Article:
regions, in our case, in the Netherlands
or Scotland, for example, to discuss
which issues we might cooperate on.
And then at lunch time we very often
have meetings in our representation of
North Rhine-Westfalia to discuss new
developments in the field of research and
development policy or environmental
policy. Then in the evening there are
Land discussions and receptions either
by a ministry coming from Düsseldorf or
a company that is based in North Rhine-
Westfalia where we put forward further
political issues and have political debates.
FEDERATIONS: When people from
North Rhine-Westfalia with commercial
interests wish to make representations,
do you show them which doors to go to,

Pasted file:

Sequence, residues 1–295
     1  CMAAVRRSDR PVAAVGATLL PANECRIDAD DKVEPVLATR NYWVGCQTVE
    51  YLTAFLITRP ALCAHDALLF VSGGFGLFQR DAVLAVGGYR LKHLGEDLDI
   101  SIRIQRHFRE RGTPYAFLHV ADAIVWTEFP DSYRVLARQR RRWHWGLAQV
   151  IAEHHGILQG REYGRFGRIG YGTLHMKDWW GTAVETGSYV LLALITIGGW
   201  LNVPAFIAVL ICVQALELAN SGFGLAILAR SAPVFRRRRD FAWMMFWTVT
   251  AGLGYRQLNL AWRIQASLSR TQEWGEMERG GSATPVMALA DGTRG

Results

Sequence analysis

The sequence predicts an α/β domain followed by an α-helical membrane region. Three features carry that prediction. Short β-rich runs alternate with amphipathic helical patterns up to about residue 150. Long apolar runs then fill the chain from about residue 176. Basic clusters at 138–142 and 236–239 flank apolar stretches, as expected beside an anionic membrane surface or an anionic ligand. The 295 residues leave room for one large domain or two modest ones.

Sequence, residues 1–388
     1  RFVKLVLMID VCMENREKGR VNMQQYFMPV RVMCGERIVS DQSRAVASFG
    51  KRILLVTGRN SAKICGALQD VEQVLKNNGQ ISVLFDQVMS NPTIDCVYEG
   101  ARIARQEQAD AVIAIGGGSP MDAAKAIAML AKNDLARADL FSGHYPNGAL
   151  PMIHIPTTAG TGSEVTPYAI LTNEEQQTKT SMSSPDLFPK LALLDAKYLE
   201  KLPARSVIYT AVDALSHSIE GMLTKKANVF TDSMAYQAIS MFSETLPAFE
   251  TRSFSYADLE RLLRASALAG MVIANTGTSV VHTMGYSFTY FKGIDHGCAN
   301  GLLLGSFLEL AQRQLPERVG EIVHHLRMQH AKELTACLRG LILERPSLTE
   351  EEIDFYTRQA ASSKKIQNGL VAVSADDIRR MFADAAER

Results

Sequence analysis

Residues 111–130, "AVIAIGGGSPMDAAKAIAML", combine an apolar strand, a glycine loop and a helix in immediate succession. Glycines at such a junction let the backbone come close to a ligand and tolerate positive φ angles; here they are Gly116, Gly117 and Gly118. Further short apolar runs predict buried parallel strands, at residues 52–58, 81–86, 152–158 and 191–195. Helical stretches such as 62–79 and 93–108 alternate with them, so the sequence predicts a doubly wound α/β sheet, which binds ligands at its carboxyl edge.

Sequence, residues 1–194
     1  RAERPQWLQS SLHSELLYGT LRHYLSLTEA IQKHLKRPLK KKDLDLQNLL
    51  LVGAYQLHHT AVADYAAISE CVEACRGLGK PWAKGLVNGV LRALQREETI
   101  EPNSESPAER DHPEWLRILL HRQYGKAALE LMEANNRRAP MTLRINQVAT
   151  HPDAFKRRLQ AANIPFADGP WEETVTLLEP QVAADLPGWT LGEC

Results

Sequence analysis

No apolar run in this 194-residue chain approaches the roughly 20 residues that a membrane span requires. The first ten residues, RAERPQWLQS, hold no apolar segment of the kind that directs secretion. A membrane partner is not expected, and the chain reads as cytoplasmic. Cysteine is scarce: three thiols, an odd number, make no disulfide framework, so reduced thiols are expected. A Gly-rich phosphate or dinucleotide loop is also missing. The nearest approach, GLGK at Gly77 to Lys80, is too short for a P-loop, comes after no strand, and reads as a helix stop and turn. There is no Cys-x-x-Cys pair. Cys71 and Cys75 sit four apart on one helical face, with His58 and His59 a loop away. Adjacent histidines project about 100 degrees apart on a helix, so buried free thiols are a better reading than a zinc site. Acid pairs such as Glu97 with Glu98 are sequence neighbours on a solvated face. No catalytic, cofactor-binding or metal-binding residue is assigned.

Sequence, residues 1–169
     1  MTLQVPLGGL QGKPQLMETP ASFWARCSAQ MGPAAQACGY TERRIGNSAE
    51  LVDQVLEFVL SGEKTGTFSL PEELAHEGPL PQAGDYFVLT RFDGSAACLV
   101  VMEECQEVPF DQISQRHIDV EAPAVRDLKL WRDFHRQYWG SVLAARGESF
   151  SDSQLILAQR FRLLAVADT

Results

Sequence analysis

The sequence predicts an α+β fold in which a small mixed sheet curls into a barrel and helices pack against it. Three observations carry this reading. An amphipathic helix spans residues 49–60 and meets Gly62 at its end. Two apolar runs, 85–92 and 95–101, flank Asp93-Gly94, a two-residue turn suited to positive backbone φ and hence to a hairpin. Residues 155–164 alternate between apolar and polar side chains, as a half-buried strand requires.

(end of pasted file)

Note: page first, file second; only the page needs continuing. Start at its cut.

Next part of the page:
and how to open those doors?
STEIN: Yes. Take for example an energy
supplier. North-Rhine Westfalia is the
part of Germany where the most energy
is produced and where the biggest companies
are. When such an energy
producer organizes a political debate on
issues that are important to him – for
example climate control or energy policy
– we, together with this company, are
organizing a conference where an eu
commissioner, several Members of the
European Parliament (meps) as well as
representatives of our government and
the company are discussing these issues.
Thus, we give that company a platform,
and we are discussing issues that are of
concern to all of us, and thus we are
enhancing a debate and getting involved
in the decision-making process here.
FEDERATIONS: Is it the members of the
European Parliament that your staff is
most required to discuss with?
STEIN: It ’s both the European
Commission on one side, and Parliament
on the other. The commission because it
prepares the initiatives in European policies so you must get involved in what is
prepared as an initiative as soon as possible